Another player that came into this season as a mystery is second-year player, Avery Bradley. Bradley spent a good bit of time in the D-League last year, and it was obvious that he just wasn't ready for "the big time". He rarely took advantage of opportunities presented to him, and he was used mainly as a defensive weapon towards the end of quarters. This season, though, Doc and Danny have remained confident that Avery has developed enough to contribute to this team in some manner. During his nine games with the Maine Red Claws last season, Avery averaged 17.1 points per game, 5.2 assists per game, and 3 steals per game. On January 30th, 2011 he stole the ball nine times in one game. I don't care that it was the D-League. That's impressive.

We've seen those defensive skills at work this season, too. Bradley has been the primary defender 19 times this season, and he is holding his match-up to a pathetic 3-16 shooting. That's 18.8% from the field, and just .53 points per play. Again, yes, it's a small-sample size. Bradley hasn't been used in a lot of situations where he is having to make plays against big-time players. If you saw his work against Jordan Crawford last night during his second stint on the floor, though, you understand just how stifling he can be. Bradley has the potential to be as much of an asset defensively to Boston as Tony Allen was in 2008 and beyond. He doesn't have the size that Allen had, and is nowhere close to being as bulky and strong, but his defense cannot be questioned. He has handled the ball handler off of the pick-and-roll during ten plays this year, and Avery has held his opponent to 2-10 (20%) shooting. He's yet to tally a steal, but during the preseason he made quite a few good plays defensively and even stole the ball twice as the Raptors brought the ball up the floor. Hopefully, we will see much more of that this season.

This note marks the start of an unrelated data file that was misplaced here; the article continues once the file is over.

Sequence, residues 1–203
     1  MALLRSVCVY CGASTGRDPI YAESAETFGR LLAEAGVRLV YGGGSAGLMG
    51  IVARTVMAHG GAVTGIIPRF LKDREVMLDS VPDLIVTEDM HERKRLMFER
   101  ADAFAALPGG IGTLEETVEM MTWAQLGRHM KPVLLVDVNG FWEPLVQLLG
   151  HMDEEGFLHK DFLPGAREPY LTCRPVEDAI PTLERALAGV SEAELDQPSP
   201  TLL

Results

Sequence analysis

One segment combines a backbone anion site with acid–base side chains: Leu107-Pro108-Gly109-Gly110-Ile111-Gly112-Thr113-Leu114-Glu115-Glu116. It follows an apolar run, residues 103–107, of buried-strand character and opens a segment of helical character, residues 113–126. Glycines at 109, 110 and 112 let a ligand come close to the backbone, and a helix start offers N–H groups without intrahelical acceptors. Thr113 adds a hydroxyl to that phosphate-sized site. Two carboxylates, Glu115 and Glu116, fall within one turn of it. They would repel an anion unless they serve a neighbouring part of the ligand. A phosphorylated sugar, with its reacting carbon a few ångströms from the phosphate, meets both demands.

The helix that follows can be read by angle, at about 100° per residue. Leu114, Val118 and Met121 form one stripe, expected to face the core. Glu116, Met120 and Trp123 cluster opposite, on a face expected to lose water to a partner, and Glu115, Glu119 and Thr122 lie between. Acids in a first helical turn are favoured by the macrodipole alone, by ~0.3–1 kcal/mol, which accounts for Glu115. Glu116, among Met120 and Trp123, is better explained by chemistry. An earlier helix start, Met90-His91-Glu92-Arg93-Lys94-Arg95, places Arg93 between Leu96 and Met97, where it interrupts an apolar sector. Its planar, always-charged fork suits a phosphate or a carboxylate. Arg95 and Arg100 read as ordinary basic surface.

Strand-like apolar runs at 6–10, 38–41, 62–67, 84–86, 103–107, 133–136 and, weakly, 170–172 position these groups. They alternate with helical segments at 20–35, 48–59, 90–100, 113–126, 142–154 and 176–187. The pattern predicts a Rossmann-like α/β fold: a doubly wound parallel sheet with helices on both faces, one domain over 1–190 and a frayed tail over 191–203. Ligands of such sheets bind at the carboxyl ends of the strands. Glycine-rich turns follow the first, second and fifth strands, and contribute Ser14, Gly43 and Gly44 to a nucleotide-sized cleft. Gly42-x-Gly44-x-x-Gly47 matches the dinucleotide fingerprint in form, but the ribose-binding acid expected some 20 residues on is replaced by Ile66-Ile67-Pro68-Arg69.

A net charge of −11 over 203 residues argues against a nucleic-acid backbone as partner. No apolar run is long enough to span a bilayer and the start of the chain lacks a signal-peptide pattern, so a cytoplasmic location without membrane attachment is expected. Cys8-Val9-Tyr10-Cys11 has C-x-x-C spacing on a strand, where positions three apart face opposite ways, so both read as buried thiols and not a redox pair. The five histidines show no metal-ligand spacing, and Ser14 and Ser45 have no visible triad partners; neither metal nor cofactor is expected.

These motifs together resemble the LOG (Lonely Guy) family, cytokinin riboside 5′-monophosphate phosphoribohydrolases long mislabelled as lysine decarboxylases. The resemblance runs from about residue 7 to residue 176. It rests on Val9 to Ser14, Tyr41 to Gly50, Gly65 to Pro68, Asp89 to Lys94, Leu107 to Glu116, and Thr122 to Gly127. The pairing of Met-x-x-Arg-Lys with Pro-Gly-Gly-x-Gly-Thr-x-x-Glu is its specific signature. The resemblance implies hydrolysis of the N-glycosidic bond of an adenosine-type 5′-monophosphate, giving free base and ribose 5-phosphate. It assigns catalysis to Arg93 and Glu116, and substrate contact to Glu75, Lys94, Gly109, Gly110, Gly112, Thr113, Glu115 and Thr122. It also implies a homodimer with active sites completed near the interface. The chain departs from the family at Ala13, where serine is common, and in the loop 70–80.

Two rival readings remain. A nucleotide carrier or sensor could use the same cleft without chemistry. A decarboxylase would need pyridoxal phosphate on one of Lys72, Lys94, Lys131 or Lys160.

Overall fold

I'm not going to even write about Avery's offensive performance this season, because quite frankly it's been non-existent. Doc Rivers stated that E'Twaun Moore had topped Avery in the C's pecking order after the blowout loss to the Hornets, but it seems like Avery's defensive capabilities have been able to keep him on the floor. If he can finally begin to understand proper floor spacing, and what to do with the ball in his hands on offense, then I truly think he can be a reliable asset for Boston -- even if it's solely for his defensive abilities.

Both Stiemsma and Avery are doing things (namely during the past three games) that are validating why they have been given roles on this team. They are young. They are energetic. They are hard workers, and with time I think both of them will play themselves into nice roles for Boston. Greg came into Boston as a no-name in the NBA, but he's quickly becoming a fan favorite and developing a nice name for himself in the C's locker room. If Kevin Garnett is praising you then you must be doing something right. As he and Avery continue to work hard and earn time for Boston this season there are sure to be as man "ups" as there are "downs." But sit back, enjoy the ride, and appreciate the hard work these guys are putting in, and watch them as they grow as contributors to this Boston Celtics team.